ComputerCraft (programmed in lua usually) is more common these days.
Chapter 9 of Leo Brodie's "Starting Forth" is the text that kicked off my implementation in the early 80s (and undoubtedly countless others): https://www.forth.com/starting-forth/9-forth-execution/
You might check out Jonesforth , which is an extensively-documented Forth implemented in x86 assembly language. If you read the single source file top to bottom, you'll get a good understanding of how it is implemented. There are also ports to x86-64, ARM, and other machines.
If you're looking for something in C, you might check out Ficl. 
Ah, that github link is not the official repository. The following link appears to be the official repo:
Most of the principles described in the book can be applied to any programming languages, but the book itself uses Forth. Give it a try!
If you want to learn Forth, this might be the book you need: https://www.forth.com/starting-forth/ (https://1scyem2bunjw1ghzsf1cjwwn-wpengine.netdna-ssl.com/wp-...)
Old HN discussion: https://news.ycombinator.com/item?id=13505285
I would also recommend checking out Factor (http://factorcode.org/, created by Slava Pestov).
More details on the programming language:
Old HN discussion: https://news.ycombinator.com/item?id=9008472
I wrote a 5k line RenderMan RIB exporter for this app in RPL.
I remember how hard this seemed when I started but how natural working in a RPN language felt after only a few hours. It was almost as if the stack had become an extension of my brain.
Trivia: Real3D was eventually rewritten from scratch and is now called Realsoft 3D. Afaik it doesn't support RPL/Forth any more.
I often think of myself in the past as a completely different person who seems to be capable of many surprising actions.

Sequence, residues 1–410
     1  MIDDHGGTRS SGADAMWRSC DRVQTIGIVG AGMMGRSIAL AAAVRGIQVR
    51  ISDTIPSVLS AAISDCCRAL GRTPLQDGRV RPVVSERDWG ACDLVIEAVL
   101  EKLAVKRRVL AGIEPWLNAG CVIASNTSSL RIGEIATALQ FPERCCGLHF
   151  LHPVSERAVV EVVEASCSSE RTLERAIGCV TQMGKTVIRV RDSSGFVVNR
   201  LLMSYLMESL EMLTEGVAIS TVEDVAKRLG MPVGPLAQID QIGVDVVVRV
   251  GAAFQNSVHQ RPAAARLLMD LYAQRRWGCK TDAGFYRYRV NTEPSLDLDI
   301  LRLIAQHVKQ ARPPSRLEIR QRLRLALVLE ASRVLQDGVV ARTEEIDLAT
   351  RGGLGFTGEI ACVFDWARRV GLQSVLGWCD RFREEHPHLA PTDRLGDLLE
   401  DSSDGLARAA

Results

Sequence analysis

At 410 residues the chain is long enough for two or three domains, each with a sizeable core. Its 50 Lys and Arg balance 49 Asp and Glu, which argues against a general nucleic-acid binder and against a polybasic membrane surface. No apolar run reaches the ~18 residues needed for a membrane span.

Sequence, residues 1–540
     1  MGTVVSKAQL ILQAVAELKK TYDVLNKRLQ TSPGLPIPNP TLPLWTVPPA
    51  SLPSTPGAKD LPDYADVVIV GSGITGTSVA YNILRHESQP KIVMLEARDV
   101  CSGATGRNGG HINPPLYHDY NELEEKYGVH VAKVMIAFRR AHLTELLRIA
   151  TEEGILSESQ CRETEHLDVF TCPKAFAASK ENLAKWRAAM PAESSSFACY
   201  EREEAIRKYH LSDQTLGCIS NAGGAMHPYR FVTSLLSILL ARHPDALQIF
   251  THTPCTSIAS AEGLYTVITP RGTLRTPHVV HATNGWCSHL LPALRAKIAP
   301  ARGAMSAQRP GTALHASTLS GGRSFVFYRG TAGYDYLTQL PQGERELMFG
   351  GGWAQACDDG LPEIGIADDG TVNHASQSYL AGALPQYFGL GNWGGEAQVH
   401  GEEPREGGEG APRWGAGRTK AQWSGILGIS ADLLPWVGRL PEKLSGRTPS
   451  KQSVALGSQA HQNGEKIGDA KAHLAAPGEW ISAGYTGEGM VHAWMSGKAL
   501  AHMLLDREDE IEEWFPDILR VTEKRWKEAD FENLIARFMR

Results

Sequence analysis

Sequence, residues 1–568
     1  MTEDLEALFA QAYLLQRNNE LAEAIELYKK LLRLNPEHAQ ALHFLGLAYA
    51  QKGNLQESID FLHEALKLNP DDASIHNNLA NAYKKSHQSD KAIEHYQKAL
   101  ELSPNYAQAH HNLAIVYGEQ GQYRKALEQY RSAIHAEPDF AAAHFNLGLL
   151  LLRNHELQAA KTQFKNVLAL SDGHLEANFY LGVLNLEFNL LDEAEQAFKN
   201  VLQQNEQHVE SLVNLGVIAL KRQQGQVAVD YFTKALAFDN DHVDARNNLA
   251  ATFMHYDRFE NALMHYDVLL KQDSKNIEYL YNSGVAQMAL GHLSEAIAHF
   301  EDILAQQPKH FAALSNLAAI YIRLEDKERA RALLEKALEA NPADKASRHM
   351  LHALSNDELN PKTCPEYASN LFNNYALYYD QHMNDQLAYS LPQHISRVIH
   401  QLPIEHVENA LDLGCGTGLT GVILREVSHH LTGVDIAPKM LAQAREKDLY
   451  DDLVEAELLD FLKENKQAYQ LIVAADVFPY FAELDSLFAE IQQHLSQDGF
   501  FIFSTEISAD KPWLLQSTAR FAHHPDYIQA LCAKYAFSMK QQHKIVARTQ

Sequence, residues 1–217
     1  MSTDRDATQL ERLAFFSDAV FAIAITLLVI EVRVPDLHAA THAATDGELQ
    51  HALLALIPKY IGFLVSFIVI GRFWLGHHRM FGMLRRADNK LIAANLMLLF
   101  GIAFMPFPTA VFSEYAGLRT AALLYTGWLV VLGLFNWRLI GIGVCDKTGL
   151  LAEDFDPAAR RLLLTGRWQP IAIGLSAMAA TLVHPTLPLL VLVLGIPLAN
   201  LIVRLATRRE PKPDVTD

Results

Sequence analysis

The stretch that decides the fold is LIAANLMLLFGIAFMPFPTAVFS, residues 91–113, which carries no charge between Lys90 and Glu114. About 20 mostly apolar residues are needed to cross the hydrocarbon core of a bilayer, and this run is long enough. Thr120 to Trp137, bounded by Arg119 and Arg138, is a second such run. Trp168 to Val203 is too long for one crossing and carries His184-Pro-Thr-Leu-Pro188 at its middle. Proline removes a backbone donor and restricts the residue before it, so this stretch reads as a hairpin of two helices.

"4tH is a very small Forth compiler that can create bytecode, C-embeddable bytecode, standalone executables, but also works fine as a scripting language. It supports over 85% of the ANS Forth CORE wordset and features conditional compilation, pipes, files, assertions, forward declarations, recursion, include files, etc."
Home page: https://thebeez.home.xs4all.nl/4tH/
Also..anyone tried or programmed in colorForth? Sounds extremely colourful!
"colorForth uses different colors in its source code (replacing some of the punctuation in standard Forth) to determine how different words are treated."
Would like to hear if anyone thinks it is worth continuing to elaborate on.
The idea for the game was that you pilot a space ship, but your only interface was a C64-like clone. You'd have to write programs to navigate, make jumps, and explore the galaxy. Connect to space stations using a modem, and dial into their local BBS for buying and selling goods.
So I built a 6502 emulator and emulated hardware for all the subsystems (display, disk, engines, modem, etc). It really was a legit emulated system ... just that some of the addressable hardware was a space ship :P
I started out using a modified KERNAL ROM with BASIC, but ran into problems. In the first iterations of the game all the subsystems were a bit too realistic. For sensors you'd have to manually move the sensor beam around and read out results constantly. For the engines you have to manually adjust the engine thrust and read back velocity information. Same with the jump mechanic.
I figured making the subsystems realistic, as if they were real hardware that you had to write firmware for, would be interesting. But coding the "firmware" in BASIC was a nightmare, and so slow. The jump subsystem was especially problematic, because the velocity was so high. The program would point your ship at a space station in the local system, engage jump drives, and then constantly monitor distance to the station and try to disengage once you got close enough. But because of the high speeds and the need for large integers to represent the distances, the program just couldn't PEEK and react fast enough. I could never get it accurate enough to drop out of jump close to the station. So you'd spend 10 minutes crawling over there with your sub-lightspeed drives the jump.
And on top of those speed issues, BASIC was too much of a PITA when you had to do a lot of hardware manipulation and processing of large numbers (like the vast distances of space...).
So after hacking on that for awhile I looked for a better alternative. That's when I stumbled into Forth. There's an actively developed Forth for C64 (https://github.com/jkotlinski/durexforth) which even included a Vi implementation. So I could get a nicer, faster language and an editor in one package!